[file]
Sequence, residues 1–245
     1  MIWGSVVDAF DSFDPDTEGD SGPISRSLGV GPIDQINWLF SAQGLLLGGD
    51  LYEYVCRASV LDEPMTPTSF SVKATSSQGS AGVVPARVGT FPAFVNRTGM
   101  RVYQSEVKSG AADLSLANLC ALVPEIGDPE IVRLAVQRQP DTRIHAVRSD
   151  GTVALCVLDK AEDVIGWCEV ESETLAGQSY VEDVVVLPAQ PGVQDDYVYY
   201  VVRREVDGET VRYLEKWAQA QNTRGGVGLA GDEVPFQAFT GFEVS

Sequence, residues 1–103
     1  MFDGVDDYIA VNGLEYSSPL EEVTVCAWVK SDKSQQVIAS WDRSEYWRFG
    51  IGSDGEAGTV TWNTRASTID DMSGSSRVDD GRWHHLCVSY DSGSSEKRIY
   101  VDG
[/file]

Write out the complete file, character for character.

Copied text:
Sequence, residues 1–245
     1  MIWGSVVDAF DSFDPDTEGD SGPISRSLGV GPIDQINWLF SAQGLLLGGD
    51  LYEYVCRASV LDEPMTPTSF SVKATSSQGS AGVVPARVGT FPAFVNRTGM
   101  RVYQSEVKSG AADLSLANLC ALVPEIGDPE IVRLAVQRQP DTRIHAVRSD
   151  GTVALCVLDK AEDVIGWCEV ESETLAGQSY VEDVVVLPAQ PGVQDDYVYY
   201  VVRREVDGET VRYLEKWAQA QNTRGGVGLA GDEVPFQAFT GFEVS

Sequence, residues 1–103
     1  MFDGVDDYIA VNGLEYSSPL EEVTVCAWVK SDKSQQVIAS WDRSEYWRFG
    51  IGSDGEAGTV TWNTRASTID DMSGSSRVDD GRWHHLCVSY DSGSSEKRIY
   101  VDG